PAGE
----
Department of Algebraic and Diophantine Geometry
In the upcoming years, the scientific programme of the Department of Algebraic and Diophantine Geometry will be focused on the following directions of mathematical research:
- Algebraic geometry in the sense of Grothendieck, including the geometry of schemes, algebraic varieties and motives, and particularly cohomologies and Galois group representations associated with these geometric objects and the theory of \ell -representations of the basic Grothendieck group.
- Diophantine equations, including the arithmetic of group schemes, abelian varieties and elliptic curves. The department staff study Mordell–Weil groups and integer points on abelian varieties with the use of the theory of heights and the theory of Diophantine approximation.
- Theory of automorphic forms and modular forms as applicable to the above research topics. The Langlands programme considers the relationship of Galois group representations obtained from the algebraic variety cohomologies with the theory of Diophantine equations and describes it in a precise manner.
- Computational algebraic geometry and computational number theory. In day-to-day research practice in these fields of mathematics, such computational systems as MAGMA and SAGE, used for numerical verification of hypotheses and quantitative analysis of theorems, are often applicable. Computational methods currently play an important practical role in the research work of the department’s staff, and are expected to continue to do so in the future.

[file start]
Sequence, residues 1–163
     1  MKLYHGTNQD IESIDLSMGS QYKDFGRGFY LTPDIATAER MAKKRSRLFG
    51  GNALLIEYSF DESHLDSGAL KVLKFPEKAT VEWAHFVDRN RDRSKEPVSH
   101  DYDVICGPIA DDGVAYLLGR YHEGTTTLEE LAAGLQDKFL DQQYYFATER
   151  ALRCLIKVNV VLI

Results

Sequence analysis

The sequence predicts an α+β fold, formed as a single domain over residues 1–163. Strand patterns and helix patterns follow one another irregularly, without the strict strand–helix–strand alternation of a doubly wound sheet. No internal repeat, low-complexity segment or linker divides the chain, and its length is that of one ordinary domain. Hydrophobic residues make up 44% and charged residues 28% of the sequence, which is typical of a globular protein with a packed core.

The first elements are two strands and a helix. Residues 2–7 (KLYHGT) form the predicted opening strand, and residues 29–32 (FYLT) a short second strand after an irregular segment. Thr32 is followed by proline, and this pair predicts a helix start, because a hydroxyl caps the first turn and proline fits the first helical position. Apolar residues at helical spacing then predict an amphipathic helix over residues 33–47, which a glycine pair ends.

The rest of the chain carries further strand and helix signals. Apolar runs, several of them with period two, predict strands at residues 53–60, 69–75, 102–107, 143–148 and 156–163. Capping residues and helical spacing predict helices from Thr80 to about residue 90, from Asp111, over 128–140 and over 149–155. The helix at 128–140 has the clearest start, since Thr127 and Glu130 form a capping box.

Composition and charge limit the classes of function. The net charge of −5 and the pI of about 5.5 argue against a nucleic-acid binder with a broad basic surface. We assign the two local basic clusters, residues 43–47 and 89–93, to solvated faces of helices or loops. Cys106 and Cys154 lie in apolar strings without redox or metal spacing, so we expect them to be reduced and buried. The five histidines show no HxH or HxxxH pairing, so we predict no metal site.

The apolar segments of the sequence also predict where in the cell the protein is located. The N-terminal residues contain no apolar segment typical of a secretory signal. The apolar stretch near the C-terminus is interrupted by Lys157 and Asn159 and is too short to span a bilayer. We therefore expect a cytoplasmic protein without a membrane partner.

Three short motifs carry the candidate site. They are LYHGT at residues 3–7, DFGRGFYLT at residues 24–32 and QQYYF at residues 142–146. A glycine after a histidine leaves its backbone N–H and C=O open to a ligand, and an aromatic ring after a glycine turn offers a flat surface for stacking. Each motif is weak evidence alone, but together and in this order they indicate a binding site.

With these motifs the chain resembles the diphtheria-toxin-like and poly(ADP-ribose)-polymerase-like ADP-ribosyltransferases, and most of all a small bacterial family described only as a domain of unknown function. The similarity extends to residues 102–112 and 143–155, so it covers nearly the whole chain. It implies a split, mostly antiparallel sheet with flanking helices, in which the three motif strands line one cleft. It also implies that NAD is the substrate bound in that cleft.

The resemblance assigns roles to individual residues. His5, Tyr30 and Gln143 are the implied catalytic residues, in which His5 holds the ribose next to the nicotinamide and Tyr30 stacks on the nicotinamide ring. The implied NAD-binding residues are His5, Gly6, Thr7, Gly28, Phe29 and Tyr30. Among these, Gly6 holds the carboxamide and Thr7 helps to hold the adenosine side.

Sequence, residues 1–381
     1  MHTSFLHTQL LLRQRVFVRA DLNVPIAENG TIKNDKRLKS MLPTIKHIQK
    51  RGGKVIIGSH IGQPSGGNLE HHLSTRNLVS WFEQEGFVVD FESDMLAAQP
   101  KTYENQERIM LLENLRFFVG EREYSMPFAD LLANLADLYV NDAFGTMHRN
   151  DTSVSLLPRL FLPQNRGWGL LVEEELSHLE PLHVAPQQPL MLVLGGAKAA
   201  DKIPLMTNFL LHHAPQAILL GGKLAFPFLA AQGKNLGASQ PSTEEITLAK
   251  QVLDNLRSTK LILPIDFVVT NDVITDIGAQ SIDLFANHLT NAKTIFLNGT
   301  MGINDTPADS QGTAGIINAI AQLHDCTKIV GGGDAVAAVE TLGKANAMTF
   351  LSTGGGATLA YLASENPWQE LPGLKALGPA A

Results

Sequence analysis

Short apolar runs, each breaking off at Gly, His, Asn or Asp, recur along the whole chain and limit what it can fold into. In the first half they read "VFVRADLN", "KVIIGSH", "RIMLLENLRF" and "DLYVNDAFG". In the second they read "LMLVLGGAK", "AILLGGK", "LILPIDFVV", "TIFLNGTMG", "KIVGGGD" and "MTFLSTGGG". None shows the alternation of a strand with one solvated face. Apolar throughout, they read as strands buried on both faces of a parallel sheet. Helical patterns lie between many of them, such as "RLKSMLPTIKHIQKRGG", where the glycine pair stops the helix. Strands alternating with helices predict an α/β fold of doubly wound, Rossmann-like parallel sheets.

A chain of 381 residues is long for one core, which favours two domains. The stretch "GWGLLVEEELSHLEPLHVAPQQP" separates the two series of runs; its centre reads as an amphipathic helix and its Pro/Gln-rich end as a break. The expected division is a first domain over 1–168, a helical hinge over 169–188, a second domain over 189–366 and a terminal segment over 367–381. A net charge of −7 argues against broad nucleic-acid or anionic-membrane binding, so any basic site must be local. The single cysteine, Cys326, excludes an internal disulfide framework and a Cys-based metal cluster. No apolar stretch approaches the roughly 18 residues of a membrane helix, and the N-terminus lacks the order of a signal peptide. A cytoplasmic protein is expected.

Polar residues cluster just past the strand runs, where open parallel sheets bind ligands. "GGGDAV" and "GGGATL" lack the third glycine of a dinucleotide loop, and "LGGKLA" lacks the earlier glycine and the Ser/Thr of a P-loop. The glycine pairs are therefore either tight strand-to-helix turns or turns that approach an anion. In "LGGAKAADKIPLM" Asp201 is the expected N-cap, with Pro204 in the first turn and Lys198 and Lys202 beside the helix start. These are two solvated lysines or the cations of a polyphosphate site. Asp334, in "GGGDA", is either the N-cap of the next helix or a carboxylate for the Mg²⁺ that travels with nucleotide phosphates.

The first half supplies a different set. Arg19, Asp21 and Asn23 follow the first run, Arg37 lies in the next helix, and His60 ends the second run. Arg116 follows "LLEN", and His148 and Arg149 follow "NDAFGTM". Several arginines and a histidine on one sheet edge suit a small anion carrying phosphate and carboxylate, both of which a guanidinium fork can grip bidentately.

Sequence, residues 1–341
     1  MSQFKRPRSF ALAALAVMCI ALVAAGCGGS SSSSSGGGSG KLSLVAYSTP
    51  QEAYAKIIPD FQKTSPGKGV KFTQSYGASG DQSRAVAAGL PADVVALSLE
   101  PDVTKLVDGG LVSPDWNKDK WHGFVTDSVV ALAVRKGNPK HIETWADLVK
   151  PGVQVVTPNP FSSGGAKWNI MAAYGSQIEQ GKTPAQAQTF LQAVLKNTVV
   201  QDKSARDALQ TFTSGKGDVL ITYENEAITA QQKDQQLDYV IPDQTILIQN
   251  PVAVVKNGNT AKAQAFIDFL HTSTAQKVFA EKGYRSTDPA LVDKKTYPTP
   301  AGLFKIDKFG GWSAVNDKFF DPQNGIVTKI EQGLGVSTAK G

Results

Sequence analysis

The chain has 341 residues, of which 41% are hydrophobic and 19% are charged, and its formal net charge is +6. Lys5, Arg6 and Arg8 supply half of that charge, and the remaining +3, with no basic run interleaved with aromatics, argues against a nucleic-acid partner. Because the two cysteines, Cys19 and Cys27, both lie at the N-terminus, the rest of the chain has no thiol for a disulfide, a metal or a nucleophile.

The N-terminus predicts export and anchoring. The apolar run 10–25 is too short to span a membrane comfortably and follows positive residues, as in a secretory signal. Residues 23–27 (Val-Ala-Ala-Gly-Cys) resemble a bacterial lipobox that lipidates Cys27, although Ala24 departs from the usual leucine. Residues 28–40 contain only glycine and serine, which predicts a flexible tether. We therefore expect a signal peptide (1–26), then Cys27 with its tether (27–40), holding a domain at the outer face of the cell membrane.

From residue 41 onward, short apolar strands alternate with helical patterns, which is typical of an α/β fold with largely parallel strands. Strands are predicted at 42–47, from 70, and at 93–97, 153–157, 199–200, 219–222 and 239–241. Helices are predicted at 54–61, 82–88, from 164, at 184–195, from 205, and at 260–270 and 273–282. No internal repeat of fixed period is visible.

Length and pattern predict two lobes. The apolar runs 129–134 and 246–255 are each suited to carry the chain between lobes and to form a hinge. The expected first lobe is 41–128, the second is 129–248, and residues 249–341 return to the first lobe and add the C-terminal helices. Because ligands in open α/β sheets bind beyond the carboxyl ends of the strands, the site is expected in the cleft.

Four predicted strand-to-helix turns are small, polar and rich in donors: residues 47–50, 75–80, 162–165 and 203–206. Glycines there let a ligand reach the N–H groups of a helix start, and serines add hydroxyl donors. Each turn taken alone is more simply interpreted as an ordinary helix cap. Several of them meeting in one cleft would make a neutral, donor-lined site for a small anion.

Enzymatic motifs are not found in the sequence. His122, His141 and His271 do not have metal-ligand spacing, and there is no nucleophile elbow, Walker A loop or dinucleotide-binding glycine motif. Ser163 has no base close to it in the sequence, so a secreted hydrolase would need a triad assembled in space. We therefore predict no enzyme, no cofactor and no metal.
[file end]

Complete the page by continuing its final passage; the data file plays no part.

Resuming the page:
- Universal algebra and logic. Polish logic follows the programme of algebraization established by Alfred Tarski. In this research, logics are replaced by the relevant classes of algebras (e.g. algebras of functions of algebraic varieties) belonging to the field of universal algebra. Since the 1980s, McKenzie’s programme of research on finite algebras has been pursued; the programmes of Tarski and McKenzie are complementary. Polish specializations include the study of lattices of non-classical logics, as pursued successfully for many years by Professor Kazimierz Świrydowicz. Research in this area will be continued.